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A compendium of Windows Azure, Service Bus, EAI & EDI, Access Control, Connect, SQL Azure Database, and other cloud-computing articles. • Updated 4/5/2013 with new articles marked •. Note: This post is updated weekly or more frequently, depending on the availability of new articles in the following sections: Windows Azure Blob, Drive, Table, Queue,

XML destination with SSIS+SQL Server : Requirement to generate complex XML files

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Hi All,

Before I start, a quick introduction. I am Pranay and I have worked primarily as a BI Developer with ETL and reporting tools like Informatica, IBM Datastage and Business Objects since 8 years.
Recently I am working on a project where the requirement is to use XML as a standard way of data transfer. Our focus is moving towards Microsoft SSIS, SQL Server & .Net. So I need to evaluate the SSIS/SQL Server capabilities to read & compose complex XML structures. I need help basically on the compose part of XML using SSIS & SQL Server.
I came to know that SSIS
does not provide an XML destination unfortunately so now we need to find an alternative approach. I read Jacob's tutorial for XML using SQL Server and it was quite impressive. I need to know how we can compose XML which  contains multiple elements(nodes) which may or may not have any relation with each other. These multiple elements in XML would be sources from heterogeneous data sources (Excel,database etc.). What would be the best approach to achieve such a requirement.? How could we compose complex XML file within SSIS data flow task? One example I would like to share is below:-

Review: AppMock by Telerik For Designing Windows 8 Apps

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Originally posted on: Visual mock-up tools are a great benefit when starting a project so that you can work with a client to understand their needs and begin the design process.  Many of these tools are expensive and/or complex to use.  Telerik has made AppMock available for free for designing Windows 8 modern style applications.  This is where I ran into my first problem with the app.  The free aspect is misleading.  It is free for you to layout your interface, but if you want to save it for later it will cost you $2.99.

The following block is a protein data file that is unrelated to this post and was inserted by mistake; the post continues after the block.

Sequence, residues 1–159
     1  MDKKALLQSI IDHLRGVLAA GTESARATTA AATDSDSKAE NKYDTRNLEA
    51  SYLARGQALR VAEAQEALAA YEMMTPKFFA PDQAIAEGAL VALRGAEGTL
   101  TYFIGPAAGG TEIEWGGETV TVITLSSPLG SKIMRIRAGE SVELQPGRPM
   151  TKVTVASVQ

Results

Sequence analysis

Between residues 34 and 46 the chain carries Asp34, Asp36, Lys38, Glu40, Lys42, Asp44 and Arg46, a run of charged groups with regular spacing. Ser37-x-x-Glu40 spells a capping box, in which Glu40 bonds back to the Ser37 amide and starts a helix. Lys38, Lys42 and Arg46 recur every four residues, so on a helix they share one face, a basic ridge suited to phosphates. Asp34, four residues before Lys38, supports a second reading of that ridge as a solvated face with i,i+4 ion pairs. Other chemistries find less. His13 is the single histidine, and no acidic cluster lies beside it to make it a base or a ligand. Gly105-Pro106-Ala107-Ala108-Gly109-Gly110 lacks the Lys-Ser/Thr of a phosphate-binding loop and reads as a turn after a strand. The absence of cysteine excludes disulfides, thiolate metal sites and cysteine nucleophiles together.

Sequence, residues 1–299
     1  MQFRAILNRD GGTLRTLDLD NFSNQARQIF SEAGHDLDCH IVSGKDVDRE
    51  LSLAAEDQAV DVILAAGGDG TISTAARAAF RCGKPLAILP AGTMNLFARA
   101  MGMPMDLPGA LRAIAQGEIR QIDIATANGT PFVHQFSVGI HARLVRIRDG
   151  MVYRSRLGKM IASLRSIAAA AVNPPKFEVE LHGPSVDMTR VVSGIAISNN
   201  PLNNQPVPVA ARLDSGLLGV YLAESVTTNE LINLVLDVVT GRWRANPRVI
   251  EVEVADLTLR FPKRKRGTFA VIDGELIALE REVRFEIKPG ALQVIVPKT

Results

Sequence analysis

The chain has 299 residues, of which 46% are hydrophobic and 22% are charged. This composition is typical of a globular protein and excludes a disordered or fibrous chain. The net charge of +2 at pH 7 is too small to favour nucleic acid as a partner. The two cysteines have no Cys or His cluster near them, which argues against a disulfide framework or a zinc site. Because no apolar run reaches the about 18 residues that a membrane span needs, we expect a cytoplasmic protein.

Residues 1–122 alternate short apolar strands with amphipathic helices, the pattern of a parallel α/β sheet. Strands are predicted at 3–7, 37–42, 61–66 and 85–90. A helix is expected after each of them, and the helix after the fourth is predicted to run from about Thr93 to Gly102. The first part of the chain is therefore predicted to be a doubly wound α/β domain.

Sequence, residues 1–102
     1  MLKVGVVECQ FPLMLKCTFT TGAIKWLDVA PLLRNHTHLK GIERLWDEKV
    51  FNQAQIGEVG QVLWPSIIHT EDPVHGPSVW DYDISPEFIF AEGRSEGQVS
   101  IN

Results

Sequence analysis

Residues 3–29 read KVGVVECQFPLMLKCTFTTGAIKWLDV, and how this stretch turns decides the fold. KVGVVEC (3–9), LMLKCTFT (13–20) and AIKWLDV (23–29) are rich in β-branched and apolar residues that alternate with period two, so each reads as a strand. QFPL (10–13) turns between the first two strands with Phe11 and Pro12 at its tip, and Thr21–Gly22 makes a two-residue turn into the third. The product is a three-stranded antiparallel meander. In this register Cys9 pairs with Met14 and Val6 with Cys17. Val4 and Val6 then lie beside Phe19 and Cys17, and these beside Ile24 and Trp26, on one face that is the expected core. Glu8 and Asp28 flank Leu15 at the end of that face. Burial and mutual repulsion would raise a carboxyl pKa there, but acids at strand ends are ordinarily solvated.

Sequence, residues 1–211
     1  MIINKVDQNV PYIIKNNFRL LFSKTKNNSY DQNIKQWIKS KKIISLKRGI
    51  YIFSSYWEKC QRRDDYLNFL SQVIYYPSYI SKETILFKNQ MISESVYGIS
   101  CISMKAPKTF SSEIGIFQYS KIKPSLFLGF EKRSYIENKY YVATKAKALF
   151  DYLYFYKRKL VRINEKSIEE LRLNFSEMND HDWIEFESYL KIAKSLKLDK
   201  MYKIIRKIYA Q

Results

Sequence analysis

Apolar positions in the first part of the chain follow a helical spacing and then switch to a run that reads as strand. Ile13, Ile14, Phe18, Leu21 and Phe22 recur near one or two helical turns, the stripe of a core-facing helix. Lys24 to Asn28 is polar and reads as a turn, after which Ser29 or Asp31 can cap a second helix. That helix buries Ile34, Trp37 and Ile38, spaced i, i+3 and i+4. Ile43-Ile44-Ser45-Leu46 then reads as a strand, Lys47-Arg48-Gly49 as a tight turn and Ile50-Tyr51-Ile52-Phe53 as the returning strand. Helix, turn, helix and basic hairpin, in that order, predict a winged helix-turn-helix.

I would have much rather have had it stated in the store that this was a try/buy model than having you get into using the app only to find out that there was a cost associated with what seems like a basic feature. The overall interface is easy to use.  It is basically a drag and drop UI with a number of controls, shapes and ways to make notes about usage.  The control set is complete enough for basic development.  I did find a couple of things that I would like improved.  If there was an easy way to...(Read whole news on source site)

NHibernate Pitfalls: Take and Where Order in LINQ Queries

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This is part of a series of posts about NHibernate Pitfalls. See the entire collection here. Starting with NHibernate 3.3.3, the order by which the Take and Where operators are placed on a LINQ query matters, whereas before this version, it didn’t. This is consistent to what we would expect from a SQL query. For example, the two SQL queries produce different results:
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NHibernate Pitfalls: DateTime Type Loses Milliseconds

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This is part of a series of posts about NHibernate Pitfalls. See the entire collection here. By default, when you have a mapped DateTime property on an entity, if you don’t specify any type, NHibernate will use the NHibernate.Type.DateTimeType type. Unfortunately, with this type, you lose the milliseconds. The workaround is to specify type NHibernate.Type.TimestampType:
border-left: silver 1px solid; line-height: 12pt; padding-right: 4px; max-height: 200px; width: 97.5%; background-color: #f4f4f4"> 1: public...(Read whole news on source site)